Here’s an interesting fact of the day. Alexander Graham Bell, the man credited with the discovery of the modern telephone device, was absolutely gaga about heavy lifting Tetrahedral style kites. Indeed, he spent the last part of his life feverishly working on kite design and launches at in his laboratory in Baddeck, Nova Scotia. Bell began building kites in 1899. He was led to experiment with them because of his interest in the flying machine problem. Orville and Wilbur Wright’s accomplishment at Kitty Hawk was still several years off, and the idea of lifting a manned heavier than air contraption was most decidedly not only on their minds. Bell’s belief (shared by a large cadre of men) was that a successful kite will also make a successful flying machine. A kite that will support a man and an engine in a ten mile breeze will probably also support the man and engine when driven by a motor at the rate of ten miles an hour. This proposition had not been actually proved at the time, and it was a driving preoccupation with Bell.
Bell’s earliest involvement with kite-building and heavy lifting designs arose from a preoccupation with the Box Kits of Lawrence Hargrave:
Hargrave was an inventor and early aeronautical engineer from Australia, who had been designing box style kites since 1892. The problem with his designs was that they worked very well in smaller sizes but rapidly lost efficiency the bigger you made them. Bell connected greater lifting area to greater wing size, and his designs sought to arrive at the efficiency point where lifting was not compromised by the weight of a larger sized wing. To accomplish this, Bell designed some of the most beautiful aerial contraptions ever– tetrahedral kite designs.
Tetrahedrons are a sided polygon, connected in a pyramid shaped framework which is an inherently strong structure. A tetrahedral kite is formed when two sides of the four sided figure are joined, then a number of these are joined together into a large tetrahedral kite.
As you can see, the kite designs were in a number of shapes and sizes, and gradually larger with more lifting ability.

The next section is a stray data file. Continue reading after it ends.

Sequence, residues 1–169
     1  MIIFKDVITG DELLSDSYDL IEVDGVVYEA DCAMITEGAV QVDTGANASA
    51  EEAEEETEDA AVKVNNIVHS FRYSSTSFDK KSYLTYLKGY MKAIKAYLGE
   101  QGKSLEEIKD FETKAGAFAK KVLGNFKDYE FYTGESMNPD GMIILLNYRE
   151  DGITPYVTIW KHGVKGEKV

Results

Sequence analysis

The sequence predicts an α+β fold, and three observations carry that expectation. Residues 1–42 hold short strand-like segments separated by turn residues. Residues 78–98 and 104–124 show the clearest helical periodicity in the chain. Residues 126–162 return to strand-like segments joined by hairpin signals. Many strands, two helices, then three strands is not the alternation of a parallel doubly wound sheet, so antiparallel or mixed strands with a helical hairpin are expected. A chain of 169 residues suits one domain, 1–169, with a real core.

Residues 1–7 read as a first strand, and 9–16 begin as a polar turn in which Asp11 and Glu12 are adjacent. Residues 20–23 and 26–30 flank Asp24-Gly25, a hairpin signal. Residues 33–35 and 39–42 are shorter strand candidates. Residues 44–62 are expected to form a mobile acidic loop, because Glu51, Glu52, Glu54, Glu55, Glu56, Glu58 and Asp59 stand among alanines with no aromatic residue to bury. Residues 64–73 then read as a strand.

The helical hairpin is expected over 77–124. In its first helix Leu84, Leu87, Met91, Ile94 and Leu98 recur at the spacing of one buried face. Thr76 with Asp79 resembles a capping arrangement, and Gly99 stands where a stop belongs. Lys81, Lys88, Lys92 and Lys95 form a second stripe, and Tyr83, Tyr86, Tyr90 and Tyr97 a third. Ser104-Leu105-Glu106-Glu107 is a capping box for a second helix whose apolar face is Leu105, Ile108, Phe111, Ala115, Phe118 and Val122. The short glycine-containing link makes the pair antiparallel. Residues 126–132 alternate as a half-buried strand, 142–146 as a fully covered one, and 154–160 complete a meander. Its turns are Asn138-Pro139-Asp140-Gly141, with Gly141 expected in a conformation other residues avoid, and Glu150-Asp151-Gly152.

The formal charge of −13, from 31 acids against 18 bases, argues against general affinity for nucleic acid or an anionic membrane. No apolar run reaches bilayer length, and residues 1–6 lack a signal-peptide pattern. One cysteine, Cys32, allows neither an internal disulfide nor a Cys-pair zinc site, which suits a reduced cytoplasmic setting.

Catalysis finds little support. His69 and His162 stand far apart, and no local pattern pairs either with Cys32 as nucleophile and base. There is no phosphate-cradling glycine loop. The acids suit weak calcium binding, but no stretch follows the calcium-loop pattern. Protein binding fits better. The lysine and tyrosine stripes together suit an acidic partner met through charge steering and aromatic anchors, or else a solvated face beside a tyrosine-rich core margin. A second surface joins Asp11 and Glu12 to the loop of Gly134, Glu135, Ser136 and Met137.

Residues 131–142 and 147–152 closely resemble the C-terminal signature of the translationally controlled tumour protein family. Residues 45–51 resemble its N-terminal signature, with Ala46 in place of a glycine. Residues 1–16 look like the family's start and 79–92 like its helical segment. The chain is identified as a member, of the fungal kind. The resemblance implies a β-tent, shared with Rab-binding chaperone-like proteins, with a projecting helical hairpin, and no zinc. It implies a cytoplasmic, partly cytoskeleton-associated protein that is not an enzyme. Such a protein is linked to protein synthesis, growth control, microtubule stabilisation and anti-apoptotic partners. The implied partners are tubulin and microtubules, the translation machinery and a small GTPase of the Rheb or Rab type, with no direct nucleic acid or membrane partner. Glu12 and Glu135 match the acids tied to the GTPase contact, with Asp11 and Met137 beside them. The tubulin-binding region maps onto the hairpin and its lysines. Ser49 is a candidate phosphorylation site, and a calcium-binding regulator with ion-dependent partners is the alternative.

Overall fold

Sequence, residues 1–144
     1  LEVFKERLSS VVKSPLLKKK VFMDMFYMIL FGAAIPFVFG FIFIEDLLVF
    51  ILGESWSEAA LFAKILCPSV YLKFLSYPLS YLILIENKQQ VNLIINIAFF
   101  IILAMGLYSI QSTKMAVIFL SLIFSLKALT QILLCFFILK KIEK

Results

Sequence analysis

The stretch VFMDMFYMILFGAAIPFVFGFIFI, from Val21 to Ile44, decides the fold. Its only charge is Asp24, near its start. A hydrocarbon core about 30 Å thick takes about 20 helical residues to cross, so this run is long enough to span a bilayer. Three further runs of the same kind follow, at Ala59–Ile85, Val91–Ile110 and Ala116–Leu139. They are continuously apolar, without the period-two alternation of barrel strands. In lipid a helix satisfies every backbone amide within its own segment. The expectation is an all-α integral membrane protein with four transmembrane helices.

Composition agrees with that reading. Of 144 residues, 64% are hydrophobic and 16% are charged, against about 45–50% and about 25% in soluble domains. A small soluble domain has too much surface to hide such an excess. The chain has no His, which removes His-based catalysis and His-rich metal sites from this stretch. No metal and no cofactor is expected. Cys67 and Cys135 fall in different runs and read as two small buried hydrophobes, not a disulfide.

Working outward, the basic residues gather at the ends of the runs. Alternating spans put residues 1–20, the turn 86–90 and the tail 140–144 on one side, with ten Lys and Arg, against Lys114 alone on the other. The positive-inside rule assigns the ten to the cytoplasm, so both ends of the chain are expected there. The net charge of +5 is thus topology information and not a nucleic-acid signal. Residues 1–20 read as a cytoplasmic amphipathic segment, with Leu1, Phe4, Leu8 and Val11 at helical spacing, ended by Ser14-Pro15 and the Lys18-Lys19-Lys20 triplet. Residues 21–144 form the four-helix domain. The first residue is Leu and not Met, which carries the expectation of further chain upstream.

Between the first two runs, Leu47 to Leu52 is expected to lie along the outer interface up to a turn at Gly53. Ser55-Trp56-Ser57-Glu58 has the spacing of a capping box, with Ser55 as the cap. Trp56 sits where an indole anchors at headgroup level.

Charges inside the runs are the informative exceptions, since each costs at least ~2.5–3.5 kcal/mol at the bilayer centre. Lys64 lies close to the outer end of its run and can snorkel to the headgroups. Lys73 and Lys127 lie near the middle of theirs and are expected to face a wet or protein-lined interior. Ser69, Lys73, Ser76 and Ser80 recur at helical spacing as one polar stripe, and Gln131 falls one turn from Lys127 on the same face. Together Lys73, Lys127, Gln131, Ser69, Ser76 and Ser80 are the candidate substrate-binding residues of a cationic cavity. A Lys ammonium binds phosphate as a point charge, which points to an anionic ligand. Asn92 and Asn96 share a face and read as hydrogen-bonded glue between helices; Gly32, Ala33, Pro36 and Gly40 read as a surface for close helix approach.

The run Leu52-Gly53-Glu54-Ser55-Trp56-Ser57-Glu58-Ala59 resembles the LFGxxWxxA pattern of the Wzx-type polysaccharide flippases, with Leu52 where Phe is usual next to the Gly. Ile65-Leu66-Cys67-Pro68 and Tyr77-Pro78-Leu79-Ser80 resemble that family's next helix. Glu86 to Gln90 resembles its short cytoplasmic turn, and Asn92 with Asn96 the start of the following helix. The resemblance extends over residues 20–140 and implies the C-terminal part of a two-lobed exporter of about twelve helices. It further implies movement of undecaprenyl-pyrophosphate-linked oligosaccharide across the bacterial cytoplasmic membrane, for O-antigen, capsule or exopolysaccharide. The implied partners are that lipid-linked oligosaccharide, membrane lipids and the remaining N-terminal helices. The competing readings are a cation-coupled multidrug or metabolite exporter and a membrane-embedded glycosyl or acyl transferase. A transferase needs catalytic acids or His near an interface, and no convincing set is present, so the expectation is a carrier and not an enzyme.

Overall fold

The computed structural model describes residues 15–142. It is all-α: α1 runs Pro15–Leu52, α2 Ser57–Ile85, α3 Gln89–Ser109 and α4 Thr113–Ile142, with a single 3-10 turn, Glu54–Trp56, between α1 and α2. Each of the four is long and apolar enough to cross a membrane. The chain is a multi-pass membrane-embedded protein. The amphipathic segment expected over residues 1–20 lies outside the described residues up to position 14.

Bell was able to prove that you can create a large kite, of any size desired, without any increase in the weight to sail area. Extra bracing in larger kite structures is not really required as the tetrahedral cell braces itself. In theory the more cells you add to a structure the stronger it becomes. Bell’s tetrahedral cells were made separately and are were 10 inches on a side. They were made from spruce rods, and covered with bright red silk. Each cell weighed about an ounce, and were joined with metal fittings. The towns people of the nearby small town Baddeck, in Nova Scotia, Canada, enlisted to make tetrahedrons, providing employment for many people.
The apogee of Bell’s work with lifting kites was probably the Cygnet (above). This was a gigantic unholy monster of a kite, with 3,393 cells assembled by Bell’s loyal Nova Scotian citizenry. It was so large and unwieldy that it was difficult to launch from land. So Bell and his associates built a small steam ship to launch her from and performed launches from a local lake.
The Cygnet I was launched on 6 December 1907, a certain Thomas Selfridge,* already getting a name in early aeronautical circles, piloted the kite as it was towed into the air behind a motorboat, eventually reaching a height of 168 ft. before crashing. This was the first recorded heavier-than-air flight in Canada. The kite definitely could hold a person in the air, but further experiments with the design demonstrated many limitations.; the most obvious being the great difficulty in steering such a large rigid structure in the air. Further experiments with a powered version of the Cygnet, the AEA Cygnet and the Cygnet III, were judged unsatisfactory — the kite could lift a man, but steered around in the air with only great difficulty.
Bell continued with the notion of powered heavier than air aircraft even in the wake of the Wright Brothers until 1909, with the launch of his last experiment, the heavier than air craft Silver Dart, which was more of an early airplane than an actual kite.
Conclusions: Lifting kits were hardly a failure from the perspective of design, but they ultimately couldn’t provide the military functional requirement to have a steerable aircraft that could carry significant loads up into the air and land again. Bell was a pioneer in the effort, contributing as much or more to the study of aeronautics as he did to audio technology.. yet he is hardly a footnote in the science of flight today, when compared to his other great contribution, the telephone.
* Lt. Selfridge had also become the first person killed in a powered heavier-than-air flight in a crash of the Wright Flyer at Fort Myer, Virginia, on September 17, 1908.